I may have a handicap now (slower, shorter walks, more careful bike rides, higher activation energy threshold.) That doesn’t mean I can’t have fun the way I used to! And there is no wifi in the patk – a definite advantage!
    Thank you for the reminder, Dean. There is more than one way to braid this dough and bake it.

  • Kristi N.

    Thank you for the reminder, Dean. I’ve been retrenching (and retrenching) and trying to get back to the sweet spot of writing. It’s easier as the days grow longer, because I can wake up early to sunlight, get the writing done, and still have time for the chores outside. It will be hard to keep the habit going as the light wanes in the fall, but hopefully I’ll have it rock solid by the time winter sets in again.

  • Vincent Zandri

    I must admit that when the warm weather hits upstate NY I find myself heading outside instead of planting myself in my writing studio. Er, that is. I take my laptop outside and set it up on the wodden table on the terrace and use that as my outdoor studio. You want to do some fishing or golfing? No problem, get the word count in first, then go for it. Probably won’t be all that crowded during a weekday either while most people are buried under a mountain of paperwork inside an office cubicle, whispering forlorenly, “I should have followed my dream to become a writer. I was always a better writer then Zandri. He just got lucky.”

  • Cynthia Gilbert

    I’ve never been through The Great Forgetting.

    I guess I never forget. I am seldom able to write every day, just most of them. I stick with it because a) I don’t give up and (most importantly) b) Writing everyday is essential for my mental health.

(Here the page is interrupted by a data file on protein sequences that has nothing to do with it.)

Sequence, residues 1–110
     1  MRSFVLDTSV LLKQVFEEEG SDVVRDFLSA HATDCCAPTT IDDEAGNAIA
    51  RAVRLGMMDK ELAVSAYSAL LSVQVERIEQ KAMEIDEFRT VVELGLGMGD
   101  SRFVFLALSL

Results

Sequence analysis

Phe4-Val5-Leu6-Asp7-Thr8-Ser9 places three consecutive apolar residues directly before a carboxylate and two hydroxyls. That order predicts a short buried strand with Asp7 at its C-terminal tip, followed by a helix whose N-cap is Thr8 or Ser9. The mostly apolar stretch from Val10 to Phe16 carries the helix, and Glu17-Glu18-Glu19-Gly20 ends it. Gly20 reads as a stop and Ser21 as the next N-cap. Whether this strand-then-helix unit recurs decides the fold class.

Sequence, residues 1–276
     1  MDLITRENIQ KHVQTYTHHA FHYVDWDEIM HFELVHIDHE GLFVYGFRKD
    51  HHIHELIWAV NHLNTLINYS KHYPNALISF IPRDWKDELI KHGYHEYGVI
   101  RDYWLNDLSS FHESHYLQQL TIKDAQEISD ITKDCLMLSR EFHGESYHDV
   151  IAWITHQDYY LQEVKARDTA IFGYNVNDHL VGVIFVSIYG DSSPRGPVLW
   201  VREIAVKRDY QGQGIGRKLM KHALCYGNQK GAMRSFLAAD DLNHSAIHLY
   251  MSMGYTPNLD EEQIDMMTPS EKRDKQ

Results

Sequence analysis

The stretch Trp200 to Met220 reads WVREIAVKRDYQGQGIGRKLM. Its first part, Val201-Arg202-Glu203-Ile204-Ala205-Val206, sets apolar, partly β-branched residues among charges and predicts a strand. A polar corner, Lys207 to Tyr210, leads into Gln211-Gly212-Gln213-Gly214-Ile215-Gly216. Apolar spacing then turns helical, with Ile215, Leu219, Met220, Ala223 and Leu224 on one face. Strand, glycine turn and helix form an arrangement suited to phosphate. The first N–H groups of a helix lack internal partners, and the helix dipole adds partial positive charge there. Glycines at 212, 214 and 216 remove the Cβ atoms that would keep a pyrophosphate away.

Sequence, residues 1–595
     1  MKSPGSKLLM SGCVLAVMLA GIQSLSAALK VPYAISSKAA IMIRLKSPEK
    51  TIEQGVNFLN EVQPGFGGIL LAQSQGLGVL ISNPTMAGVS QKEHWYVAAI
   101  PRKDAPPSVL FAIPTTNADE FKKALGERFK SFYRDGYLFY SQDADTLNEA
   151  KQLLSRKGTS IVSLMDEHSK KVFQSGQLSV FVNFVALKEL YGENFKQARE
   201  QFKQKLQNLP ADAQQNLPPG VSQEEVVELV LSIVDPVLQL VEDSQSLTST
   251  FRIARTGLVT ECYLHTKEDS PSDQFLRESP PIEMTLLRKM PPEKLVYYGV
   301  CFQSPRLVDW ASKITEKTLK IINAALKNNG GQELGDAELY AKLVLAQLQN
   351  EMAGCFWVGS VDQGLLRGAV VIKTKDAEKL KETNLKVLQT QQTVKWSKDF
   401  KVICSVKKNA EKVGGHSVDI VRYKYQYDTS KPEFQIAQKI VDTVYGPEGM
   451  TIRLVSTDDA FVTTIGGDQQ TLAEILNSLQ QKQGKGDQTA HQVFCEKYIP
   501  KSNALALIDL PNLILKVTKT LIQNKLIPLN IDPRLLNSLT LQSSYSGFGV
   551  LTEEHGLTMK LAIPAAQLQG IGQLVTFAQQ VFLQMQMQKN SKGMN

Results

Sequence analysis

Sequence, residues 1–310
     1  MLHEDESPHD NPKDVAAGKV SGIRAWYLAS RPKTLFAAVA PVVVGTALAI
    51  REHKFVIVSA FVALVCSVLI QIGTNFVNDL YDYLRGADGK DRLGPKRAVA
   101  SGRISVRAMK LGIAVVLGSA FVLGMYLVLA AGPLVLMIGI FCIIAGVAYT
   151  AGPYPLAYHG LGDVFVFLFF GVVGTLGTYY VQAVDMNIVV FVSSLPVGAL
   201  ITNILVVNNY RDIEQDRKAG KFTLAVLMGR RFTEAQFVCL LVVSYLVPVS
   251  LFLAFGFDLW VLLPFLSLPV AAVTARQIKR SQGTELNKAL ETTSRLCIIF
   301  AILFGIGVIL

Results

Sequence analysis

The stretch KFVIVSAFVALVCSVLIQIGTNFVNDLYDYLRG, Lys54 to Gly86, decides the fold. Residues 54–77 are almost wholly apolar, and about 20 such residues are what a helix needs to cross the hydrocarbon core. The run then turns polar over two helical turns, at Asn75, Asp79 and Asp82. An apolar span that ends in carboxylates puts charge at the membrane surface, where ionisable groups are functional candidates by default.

It just makes me feel better. Full Stop.

    So I can’t forget, don’t want to forget.

    Also, I think checking in with Dean and Kris keeps me focused somewhat.

  • James Palmer

    I think this is a common occurrence if you’re not already writing full-time. Any little thing can throw off the writing because it’s backburnered already. I had a harder time during the first three months of the year. Now I’m finally hitting my stride. Go figure.

    Having quarterly goals helps me, as does having long-term goals. I don’t have to make a full-time living with the very next book. I only need a few books out there by the time I retire in ten years. Takes the pressure off. I also work on a quarterly schedule, rather than monthly, and plan my writing around quarterly Kickstarters.

  • Leigh Kimmel

    I hit it in March, when the day job pivoted back from winter mode (online sales only) to being on the road again. I’d been doing great productivity from mid-November to late-February, even motoring right through family medical stuff. And then I’m driving to a distant city, setting up our store in a convention hall, doing business, tearing down and loading everything back into the van, and driving home — and suddenly writing becomes bits and crumbs of time at the end of the day. Even when I’m home, I’m finding that, by the time I get all the other stuff crossed off my list, I’m doing well to have a few crumbs of writing time. I’ve finished several short stories right as the deadline is looming, and I’m not maintaining the needed progress on a longer-term project.